Interserve May Still Be Breathing But It's Time The Government Smothers The System That Gave Birth To It

Rather than encouraging private contractors to write 'living wills' and wait for their downfall, the government must reform this broken system.
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Creditors may have agreed to spare Interserve from collapse, but just a year on from the demise of Carillion, hasn’t the time come for government to kill off the system which has created these spectacular corporate downfalls?

It’s impossible to give the exact moment when the current system emerged but its origins begin in the 1980s. The practical problem was that regular clashes between Government and unions were undermining the ability to provide effective service delivery. The solution: get business to run them. The private sector, less likely to have unionised staff and able to get rid of staff easier, would be able to maintain more disciplined work forces and deliver services more reliably.

But this clash with the unions masked a more existential problem. It is the original sin which the current model of outsourcing has been cursed by ever since. In short, the government wanted high quality public services, but didn’t want to pay for them.

The government believed that private businesses could be the Fairy Godmother, turning under-resourced pumpkins into beautiful public services which would win public support. This wishful thinking then became an ideological pillar of the establishment when thinkers such as Nicholas Ridley, Conservative Environment Secretary in the late 1980s, wrote that: “Competition is a spur to efficiency and value for money wherever it operates”. This was an ideology readily adopted by New Labour.

During the late 1990s and 2000s, when government spending rose, the tension at the heart of the model appeared to be resolved. Ill-conceived schemes such as the Private Finance Initiative attracted even more private companies to the feeding trough. But there were still bailouts, even in that period of plenty. In 2004, for example, the government had to bailout Serco in order to stop the collapse of education services in Bradford. And the failures were numerous, from failed IT projects to the paralysis of child support agencies. Billions were spent bailing out PFI contracts even before the financial crash took place.

Yet somehow, the myth has remained that somehow private businesses can do more with less and make the books balance. This has been driven to extremes since 2010, with mergers and takeovers delaying inevitable collapse through the creation of “mega-outsourcers”. Fast forward to 2019 and we have lost one of those big companies (Carillion) and another, Interserve, is on its knees.

But what do we do about it? The first is not to throw the baby out with the bathwater. Provision of services from outside the public sector has its place, but it needs to be properly resourced. Government doesn’t have expertise about everything and there are organisations out there that can provide high quality services which the state isn’t able to do as well. But this doesn’t mean that it can be done on the cheap.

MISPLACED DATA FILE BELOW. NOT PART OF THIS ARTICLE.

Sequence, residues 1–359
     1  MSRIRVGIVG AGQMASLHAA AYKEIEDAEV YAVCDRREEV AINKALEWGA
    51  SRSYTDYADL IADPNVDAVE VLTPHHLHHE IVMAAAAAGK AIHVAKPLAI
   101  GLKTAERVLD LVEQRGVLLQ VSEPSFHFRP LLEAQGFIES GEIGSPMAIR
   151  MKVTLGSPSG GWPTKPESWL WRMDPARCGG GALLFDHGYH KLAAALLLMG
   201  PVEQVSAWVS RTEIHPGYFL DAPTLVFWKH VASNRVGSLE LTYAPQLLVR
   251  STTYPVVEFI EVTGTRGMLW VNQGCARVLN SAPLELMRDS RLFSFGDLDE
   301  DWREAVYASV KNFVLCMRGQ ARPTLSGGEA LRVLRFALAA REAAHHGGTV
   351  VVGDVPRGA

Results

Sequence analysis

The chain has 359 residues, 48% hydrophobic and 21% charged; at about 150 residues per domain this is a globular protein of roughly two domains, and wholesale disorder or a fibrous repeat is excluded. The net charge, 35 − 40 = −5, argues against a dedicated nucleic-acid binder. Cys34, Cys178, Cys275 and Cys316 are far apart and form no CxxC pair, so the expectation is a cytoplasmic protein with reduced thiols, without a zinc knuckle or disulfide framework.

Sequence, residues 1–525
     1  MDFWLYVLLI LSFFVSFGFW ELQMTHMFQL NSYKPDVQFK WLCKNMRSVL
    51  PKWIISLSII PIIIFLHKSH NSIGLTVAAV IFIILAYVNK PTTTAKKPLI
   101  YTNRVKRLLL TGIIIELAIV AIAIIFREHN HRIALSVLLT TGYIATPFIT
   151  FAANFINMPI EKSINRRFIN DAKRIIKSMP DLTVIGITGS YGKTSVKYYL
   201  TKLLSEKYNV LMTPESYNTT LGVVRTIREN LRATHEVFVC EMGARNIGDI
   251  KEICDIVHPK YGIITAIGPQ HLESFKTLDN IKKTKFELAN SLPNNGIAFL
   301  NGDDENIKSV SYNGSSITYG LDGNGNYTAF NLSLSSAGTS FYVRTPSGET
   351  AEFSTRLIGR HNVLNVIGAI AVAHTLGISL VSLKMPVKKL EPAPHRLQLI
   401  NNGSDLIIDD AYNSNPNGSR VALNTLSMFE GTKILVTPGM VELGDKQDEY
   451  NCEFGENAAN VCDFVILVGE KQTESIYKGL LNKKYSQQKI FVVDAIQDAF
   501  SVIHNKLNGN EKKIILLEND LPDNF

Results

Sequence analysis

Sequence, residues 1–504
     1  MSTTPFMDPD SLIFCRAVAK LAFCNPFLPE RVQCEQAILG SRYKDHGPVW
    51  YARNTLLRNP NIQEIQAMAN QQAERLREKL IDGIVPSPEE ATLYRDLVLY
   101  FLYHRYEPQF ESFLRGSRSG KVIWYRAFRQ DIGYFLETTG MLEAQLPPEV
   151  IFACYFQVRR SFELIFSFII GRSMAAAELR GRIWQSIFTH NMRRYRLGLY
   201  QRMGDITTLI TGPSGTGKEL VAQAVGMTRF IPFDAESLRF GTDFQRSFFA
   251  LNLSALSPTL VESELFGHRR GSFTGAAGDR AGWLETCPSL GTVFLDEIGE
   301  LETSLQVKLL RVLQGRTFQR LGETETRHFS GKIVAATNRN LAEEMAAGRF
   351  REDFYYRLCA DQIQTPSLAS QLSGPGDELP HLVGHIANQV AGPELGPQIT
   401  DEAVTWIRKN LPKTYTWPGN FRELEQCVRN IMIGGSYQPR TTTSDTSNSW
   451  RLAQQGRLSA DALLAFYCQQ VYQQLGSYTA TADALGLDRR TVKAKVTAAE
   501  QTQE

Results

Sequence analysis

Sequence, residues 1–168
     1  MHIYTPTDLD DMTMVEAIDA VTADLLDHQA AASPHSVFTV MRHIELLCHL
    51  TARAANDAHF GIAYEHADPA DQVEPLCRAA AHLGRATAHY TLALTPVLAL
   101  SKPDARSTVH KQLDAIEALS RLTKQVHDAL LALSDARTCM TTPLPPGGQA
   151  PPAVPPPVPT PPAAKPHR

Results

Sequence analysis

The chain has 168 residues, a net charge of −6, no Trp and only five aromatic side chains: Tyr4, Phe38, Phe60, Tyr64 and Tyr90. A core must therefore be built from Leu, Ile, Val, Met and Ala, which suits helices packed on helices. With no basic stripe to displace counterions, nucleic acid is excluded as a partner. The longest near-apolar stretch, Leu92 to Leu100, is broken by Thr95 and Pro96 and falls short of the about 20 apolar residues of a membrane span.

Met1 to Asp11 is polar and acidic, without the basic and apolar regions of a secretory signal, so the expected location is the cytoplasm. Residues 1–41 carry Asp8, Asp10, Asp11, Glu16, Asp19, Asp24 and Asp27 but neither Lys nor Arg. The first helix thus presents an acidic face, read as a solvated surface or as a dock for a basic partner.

Cheaper isn’t better. How many billions are lost through bailouts? And how many thousands of hours have been spent keeping doomed services alive to spare the blushes of ministers and officials? The constant attention paid by government in keeping this rickety car on the road is distracting from the real work of serving the public better.

Introducing proper and transparent “Open Book Accounting” and improving the use of social value within procurement would also help to shift practice. This will encourage government to consider the true costs of services and the ensure that we are realising the full benefits to society and the environment.

Second, we need to stop being blind to the types of organisations which provide public services. If we are going to have services delivered by entities other than government, then we need to make sure that they are in it for the right reasons and have the best interests of service users at their heart.

The only reason why big business has been interested in delivering public services is because they see an opportunity to make a quick buck. The allure of profit has led many businesses to their demise and left the public without the services it depends on. They will say whatever they can to win a contract and extract as much money out of services whilst they can. This cannot continue.

Alternatives, such as social enterprise, are already out there delivering services in health, education and transport. Businesses such as HCT, which delivers bus services throughout the country, reinvesting its profits back into the community funding things like refugee services and accessible transport for older and disabled people. They are financially sustainable and socially driven. This is the model for the future. Government should stop pretending that organisational structure doesn’t matter and favour those types of organisations which have a track record of success.

Rather than encouraging private contractors to write “living wills” and wait for their downfall, the government must reform this broken system.


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